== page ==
The Danube River

The Danube is Europe’s second longest and one of the most significant rivers. A popular river cruise destination, it passes through 10 countries before flowing back out into the Black Sea. Playing an integral role in history and serving as a symbol for Europe itself.

Donaueschingen in Germany marks its source, where two smaller rivers converge. From there it flows southeast across various countries such as Austria and Slovakia through Vienna, Bratislava and Budapest before eventually draining into Romania and Ukraine before draining into Black Sea.

Along the Danube’s path lies some stunning natural settings, including Naturpark Obere Donau in Germany and National Park Donau Auen in Austria; Gemenc in Hungary; Kopacki rit in Croatia; as well as passing through an attractive narrow gorge known as Iron Gates which makes for ideal river cruises.

The Thames River

The River Thames is an iconic water body located near London in England. At 346km long and the second-longest river in Britain, this body of water provides life to many different animal species that reside along its course.

Turner, Monet and Whistler all found inspiration for their works here. Additionally, this scene can also be found in many books and films such as Alice in Wonderland, Three Men in a Boat and The Wind in the Willows.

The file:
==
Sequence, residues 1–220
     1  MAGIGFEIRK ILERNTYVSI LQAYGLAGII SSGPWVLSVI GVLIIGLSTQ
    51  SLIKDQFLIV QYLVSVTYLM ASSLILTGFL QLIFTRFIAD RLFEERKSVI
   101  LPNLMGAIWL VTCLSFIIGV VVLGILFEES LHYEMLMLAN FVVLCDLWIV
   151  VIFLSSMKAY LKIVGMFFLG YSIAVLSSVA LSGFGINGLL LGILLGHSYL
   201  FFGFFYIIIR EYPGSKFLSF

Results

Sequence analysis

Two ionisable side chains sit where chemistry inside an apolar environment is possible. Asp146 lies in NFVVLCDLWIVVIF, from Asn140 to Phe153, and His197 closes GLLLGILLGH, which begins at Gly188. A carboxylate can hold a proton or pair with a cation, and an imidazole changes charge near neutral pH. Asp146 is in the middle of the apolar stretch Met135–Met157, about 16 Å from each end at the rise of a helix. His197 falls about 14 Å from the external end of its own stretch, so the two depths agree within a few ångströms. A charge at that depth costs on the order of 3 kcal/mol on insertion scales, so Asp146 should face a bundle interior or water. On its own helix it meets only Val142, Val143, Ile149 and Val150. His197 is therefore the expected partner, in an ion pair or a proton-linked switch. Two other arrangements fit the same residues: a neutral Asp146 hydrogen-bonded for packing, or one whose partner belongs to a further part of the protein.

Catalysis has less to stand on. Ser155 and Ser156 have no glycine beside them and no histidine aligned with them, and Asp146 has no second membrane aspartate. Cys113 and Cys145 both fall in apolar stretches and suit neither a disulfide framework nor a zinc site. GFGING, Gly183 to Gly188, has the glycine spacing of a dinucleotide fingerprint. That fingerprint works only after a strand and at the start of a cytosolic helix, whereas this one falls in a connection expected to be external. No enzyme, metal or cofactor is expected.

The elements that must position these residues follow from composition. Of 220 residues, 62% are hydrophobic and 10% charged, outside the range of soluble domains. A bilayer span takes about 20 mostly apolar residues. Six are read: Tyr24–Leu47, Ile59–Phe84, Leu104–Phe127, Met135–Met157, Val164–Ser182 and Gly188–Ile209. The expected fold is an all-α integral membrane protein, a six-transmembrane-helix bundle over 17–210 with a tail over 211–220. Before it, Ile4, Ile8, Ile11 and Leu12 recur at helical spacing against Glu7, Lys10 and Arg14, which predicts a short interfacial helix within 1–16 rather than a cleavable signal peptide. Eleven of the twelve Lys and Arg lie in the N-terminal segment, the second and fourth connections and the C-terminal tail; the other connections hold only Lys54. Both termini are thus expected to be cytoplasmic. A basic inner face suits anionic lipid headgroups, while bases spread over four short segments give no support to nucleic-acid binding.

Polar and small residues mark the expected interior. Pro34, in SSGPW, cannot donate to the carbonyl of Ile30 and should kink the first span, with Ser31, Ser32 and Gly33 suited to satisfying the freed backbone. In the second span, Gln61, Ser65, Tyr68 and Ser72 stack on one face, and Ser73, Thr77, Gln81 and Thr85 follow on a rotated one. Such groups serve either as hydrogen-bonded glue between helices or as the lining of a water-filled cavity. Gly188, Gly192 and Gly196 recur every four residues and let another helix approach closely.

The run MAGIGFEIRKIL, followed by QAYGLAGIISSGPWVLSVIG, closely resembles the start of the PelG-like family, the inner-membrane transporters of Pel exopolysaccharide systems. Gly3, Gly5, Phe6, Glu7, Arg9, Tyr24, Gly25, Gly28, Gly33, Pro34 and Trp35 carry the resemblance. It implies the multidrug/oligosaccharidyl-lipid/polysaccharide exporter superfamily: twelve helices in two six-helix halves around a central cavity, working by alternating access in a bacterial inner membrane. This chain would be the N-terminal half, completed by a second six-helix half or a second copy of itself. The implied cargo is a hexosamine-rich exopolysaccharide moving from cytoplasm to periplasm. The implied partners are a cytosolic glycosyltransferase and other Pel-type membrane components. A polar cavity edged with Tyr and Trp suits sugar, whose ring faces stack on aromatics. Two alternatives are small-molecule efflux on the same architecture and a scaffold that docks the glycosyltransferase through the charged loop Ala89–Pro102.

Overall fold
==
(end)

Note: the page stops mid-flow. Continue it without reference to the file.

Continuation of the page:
Though now notorious for its smell, the Thames once boasted beautiful and clear waters. Unfortunately, due to industrial pollution and human waste, this once beautiful body of water has turned brownish due to years of industrial contamination and human waste disposal. Tidal currents continue to stir up its waters daily, keeping some areas clean but others muddied up by tides.

The Thames River is one of the city’s primary sources of drinking water, providing approximately two thirds of London’s consumption. Not only is the Thames an essential water resource but it is also home to various species of aquatic life – making for an invaluable natural resource.

The Colorado River

The Colorado River is one of the longest rivers in the United States. Meandering for 1,450 miles (2,330 km), it flows through 11 national parks before meeting up at one of seven natural wonders of the world – The Grand Canyon.

It serves as an important water source in the southwestern US and northwestern Mexico, serving seven US basin states (Arizona, California, Colorado, New Mexico, Utah and Wyoming), 30 tribal nations and other uses including water supply, hydropower production, recreation opportunities, fish and wildlife habitat and other uses.

The Colorado River is notoriously salinized due to evaporation from reservoir surfaces, irrigation water use and soil/rock accumulation of salts; all factors that play into its high salinity. Addressing this major concern in order to preserve its health is therefore imperative.

The Yangtze River

The Yangtze River has long been an integral part of Chinese culture and history, serving as a means for agriculture, warfare, transportation, commerce and more. Furthermore, it provides energy in China through hydroelectricity production while being the busiest river for goods shipping in its region.